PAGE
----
Food for Thought

Healthy Eating for a Healthy Planet

Save the bees! Eat less meat! Cut the sugar! Grow your own food! Go organic! Go vegan! So many messages… so little time each day. Let’s simplify things shall we?

Each U.S. household produces emissions, and 17% (8 tons of CO2 per year per household) is based on food consumption. Worldwide, livestock agriculture produces around half of man-made emissions. So eating a lower-carbon diet would be better for the planet by helping to fight climate change. As I researched this month’s Food for Thought Insta-exhibit, a simple set of “healthy eating for a healthy planet” guidelines emerged. And it also turns out these steps are good for you as well as good for the planet.

The cult of mass meat consumption may be nearing its end… Can we balance our diets for the benefit of world and our waistlines?
“Pushing the Grow Up Button” by artist Rich Steven’s, 2015, watercolor on paper, india ink, spray paint, photo collage, crochet thread, plexi-glass, epoxy resin, and aluminum foil on wood in hand-built shadow-box frame [18 1/2″ W x 18 1/2″ L x 2.25″ D] Image courtesy of the Food Art Collection and the artist.
  1. Eat More Plants: No matter which food pyramid you follow, it pretty much suggests a lot of vegetables and fruits, and a mix of grains. My family has been working on this one a lot over the last year. We reworked our front yard, had the neglected lawn removed, and my husband built two eight foot long by three foot wide planter beds. We’ve enjoyed a cycling list of local goodness since around late June: tomatoes, lettuces,basil, chard, kale, green beans, onions, and carrots. Having fresh food literally steps from our door has definitely helped the household eat more plants. Having an awesome network of farmer’s markets in Seattle also helps, along with the plethora of grocery stores in our area that offer a wide array of organic produce. There are so many ways to up the plant factor too, from sneaking zucchini into baked goods to coconut or banana-based “ice cream”.
  2. Eat Less Meat: Well, I only have so much room in the tummy, so if I’m filling it with more plants, ergo there’s less room for meat. But, we’ve employed some tricks to make it easier, to balance my family’s desire to eat some meat with that of eating lower-carbon foods, and we fall well below the U.S. average on that. Apparently this makes me a “flexitarian”. There are so many ways to stretch meat, and go beyond Meatless Mondays. I’m a big fan of salads and stir fry dishes, and soup especially once fall hits. In pretty much any recipe, you can just add more veggies, halve or remove the meat, and replace with beans, lentils or mushrooms.
  3. Eat Local: From veggies and fruits, to dairy, eggs, and meat, fish or poultry if you eat it, local is awesome! Local means less transport energy from farm to table, and more nutrients in our bodies as foods can be allowed to ripen more before harvest. Local products also support local economies, and keep heirloom varieties in the market, which is good for flavor variety and resilience as one type of tomato or grain might be more or less resistant to specific pests for example.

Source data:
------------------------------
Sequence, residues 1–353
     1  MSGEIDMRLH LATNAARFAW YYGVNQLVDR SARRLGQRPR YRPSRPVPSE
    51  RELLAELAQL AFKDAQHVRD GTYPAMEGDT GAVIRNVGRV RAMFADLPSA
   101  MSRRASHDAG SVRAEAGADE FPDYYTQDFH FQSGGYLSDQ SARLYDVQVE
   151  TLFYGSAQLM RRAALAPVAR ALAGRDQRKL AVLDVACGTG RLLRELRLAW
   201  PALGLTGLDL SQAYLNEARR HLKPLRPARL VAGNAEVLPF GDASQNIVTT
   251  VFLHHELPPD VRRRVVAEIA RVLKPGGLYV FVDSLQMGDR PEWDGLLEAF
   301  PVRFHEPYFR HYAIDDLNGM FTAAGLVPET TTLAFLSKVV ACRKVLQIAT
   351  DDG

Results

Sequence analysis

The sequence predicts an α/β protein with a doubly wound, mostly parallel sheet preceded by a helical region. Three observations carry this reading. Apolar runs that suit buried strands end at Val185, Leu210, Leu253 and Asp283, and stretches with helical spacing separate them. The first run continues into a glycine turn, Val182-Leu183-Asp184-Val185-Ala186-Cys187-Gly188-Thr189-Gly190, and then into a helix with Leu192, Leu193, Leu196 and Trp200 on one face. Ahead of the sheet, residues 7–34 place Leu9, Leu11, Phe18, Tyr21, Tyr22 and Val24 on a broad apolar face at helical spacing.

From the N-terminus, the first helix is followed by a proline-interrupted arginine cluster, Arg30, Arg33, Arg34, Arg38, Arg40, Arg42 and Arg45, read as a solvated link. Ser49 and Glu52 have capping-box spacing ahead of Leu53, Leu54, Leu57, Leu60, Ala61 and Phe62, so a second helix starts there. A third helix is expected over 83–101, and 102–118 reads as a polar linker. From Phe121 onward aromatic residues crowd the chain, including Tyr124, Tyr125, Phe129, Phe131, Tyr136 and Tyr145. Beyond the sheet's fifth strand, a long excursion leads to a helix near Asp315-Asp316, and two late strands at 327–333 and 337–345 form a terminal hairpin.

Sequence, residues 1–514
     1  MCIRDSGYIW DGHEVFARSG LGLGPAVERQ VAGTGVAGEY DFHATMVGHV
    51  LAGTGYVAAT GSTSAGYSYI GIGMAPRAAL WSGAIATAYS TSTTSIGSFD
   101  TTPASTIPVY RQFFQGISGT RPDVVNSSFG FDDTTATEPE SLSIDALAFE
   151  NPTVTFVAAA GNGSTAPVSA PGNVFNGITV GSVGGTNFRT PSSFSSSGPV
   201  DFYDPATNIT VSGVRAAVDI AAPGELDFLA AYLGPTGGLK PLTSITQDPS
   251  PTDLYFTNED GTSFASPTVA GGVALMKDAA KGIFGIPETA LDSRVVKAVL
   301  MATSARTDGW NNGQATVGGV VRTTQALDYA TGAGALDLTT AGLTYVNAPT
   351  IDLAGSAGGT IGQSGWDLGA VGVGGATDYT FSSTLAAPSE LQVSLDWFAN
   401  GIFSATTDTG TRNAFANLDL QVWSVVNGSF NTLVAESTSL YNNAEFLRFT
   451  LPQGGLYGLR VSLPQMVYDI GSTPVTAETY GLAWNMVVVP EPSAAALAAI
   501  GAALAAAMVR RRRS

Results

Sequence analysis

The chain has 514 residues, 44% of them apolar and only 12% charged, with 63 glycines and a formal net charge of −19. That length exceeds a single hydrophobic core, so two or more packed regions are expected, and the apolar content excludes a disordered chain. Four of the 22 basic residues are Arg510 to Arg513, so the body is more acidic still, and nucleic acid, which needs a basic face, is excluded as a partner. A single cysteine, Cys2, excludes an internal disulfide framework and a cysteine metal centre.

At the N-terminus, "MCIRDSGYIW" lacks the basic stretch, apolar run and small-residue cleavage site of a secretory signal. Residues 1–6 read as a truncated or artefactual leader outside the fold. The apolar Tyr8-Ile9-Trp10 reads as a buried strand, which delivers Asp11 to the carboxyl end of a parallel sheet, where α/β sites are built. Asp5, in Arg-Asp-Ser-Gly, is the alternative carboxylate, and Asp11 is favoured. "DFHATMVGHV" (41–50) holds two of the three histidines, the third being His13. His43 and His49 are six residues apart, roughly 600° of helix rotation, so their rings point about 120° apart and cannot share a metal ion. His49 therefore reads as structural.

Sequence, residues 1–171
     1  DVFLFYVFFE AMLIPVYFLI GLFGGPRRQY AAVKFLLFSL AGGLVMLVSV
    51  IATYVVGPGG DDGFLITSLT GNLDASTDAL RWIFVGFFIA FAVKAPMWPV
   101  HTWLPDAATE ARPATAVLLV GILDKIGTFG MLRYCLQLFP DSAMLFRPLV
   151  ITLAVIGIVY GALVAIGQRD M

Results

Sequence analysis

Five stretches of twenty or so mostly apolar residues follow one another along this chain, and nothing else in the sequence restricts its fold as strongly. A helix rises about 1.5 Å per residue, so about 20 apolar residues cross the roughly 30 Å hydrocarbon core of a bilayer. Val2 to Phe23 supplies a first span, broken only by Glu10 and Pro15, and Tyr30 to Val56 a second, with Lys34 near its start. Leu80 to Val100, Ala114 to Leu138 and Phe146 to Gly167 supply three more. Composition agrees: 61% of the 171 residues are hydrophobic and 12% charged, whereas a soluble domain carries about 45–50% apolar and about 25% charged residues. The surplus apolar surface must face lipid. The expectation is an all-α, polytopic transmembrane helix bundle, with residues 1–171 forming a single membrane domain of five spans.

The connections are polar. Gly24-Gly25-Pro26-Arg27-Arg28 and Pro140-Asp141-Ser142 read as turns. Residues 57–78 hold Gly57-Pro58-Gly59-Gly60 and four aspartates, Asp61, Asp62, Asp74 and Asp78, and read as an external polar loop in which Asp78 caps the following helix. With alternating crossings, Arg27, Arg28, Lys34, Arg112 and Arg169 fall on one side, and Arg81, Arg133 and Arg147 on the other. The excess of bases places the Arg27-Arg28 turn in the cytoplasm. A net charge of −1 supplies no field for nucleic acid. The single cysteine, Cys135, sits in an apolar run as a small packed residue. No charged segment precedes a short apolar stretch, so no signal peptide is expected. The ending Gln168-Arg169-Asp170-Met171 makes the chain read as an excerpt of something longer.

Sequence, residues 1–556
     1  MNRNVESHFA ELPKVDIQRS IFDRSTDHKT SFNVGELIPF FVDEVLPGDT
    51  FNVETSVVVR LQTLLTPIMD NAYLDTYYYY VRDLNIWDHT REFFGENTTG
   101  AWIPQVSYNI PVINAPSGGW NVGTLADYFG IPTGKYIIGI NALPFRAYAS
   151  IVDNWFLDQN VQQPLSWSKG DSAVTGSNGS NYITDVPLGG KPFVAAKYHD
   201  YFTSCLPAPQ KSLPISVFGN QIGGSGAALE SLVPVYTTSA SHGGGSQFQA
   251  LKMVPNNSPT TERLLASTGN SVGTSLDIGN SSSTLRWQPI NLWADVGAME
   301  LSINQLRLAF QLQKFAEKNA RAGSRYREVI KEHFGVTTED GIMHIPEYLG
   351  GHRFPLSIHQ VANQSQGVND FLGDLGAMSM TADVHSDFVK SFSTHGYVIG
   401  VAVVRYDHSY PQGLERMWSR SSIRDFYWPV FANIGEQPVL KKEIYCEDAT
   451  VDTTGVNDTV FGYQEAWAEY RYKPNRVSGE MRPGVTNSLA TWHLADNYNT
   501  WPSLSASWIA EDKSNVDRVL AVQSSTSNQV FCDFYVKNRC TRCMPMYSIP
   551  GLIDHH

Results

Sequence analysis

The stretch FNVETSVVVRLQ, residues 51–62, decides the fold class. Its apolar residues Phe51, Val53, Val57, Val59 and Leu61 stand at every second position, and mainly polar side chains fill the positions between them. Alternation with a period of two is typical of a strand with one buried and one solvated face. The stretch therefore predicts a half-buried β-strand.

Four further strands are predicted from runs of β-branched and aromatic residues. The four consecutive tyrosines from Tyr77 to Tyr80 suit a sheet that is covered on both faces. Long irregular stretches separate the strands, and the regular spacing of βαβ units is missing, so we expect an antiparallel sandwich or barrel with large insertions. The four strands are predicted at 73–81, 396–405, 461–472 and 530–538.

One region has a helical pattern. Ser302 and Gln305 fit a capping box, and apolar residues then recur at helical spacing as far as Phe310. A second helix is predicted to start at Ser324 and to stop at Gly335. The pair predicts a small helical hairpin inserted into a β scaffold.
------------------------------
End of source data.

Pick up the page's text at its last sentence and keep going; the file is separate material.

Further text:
4. Eat Variety: Eat a rainbow, and collect more vitamins. Each color of food generally relates to different vitamins and minerals. Different plants, from vegetables to grains, have different protein, fat and nutrient profiles. So variety boosts nutrition. And, many foods these days, even organic ones, have issues. From transport energy to toxins from the past lives of the fields, it’s best to eat a wide mix of foods to limit both the environmental impacts and the personal health impacts. For example, globally rice is typically contaminated with arsenic thanks to the past lives of many rice fields. (consumer reports link) Yet the health benefits of the food outweigh the risks, if you don’t eat too much of any one thing. So variety helps from both directions. It boosts nutrition and reduces risks. For those worried about gluten and wheat, mix in other grains from quinoa and rice to buckwheat and farro (and buy bulk when you can to reduce plastic). Meat has a high carbon footprint, so mix other proteins from lower carbon sources, from poultry and fish to mushrooms and pulses.
  5. Skip Processed Foods: Cook at home, incorporate tips from #1-4 above, and you’ll do this automatically.
Abundance – let’s eat to keep it that way! Artwork by Julie Paschkis.

…all of the above can be mixed and matched to help us eat a lower-carbon diet that is better for our world and our waistlines.

Experiment and have fun! And know that all of the above can be mixed and matched to help us eat a lower-carbon diet that is better for our world and our waistlines. As I continue on my The Art of Sustainability journey that started last April, and refine my personal ecological footprint, I will continue to seek new ways to live a more sustainable lifestyle. So far some ideas have resonated, like eating the oh-so fresh greens from our new front yard vegetable beds and dialing down the meat volume. These changes don’t feel like sacrifices, they just feel right, for me and for the planet.

A special thanks to Jeremy Buben at the Food Art Collection for the leisurely Sunday afternoon tour! For those in the Seattle area, it’s definitely a delightful little gem tucked away in a residential area of Capital Hill. Visit their website for exhibit information and hours.

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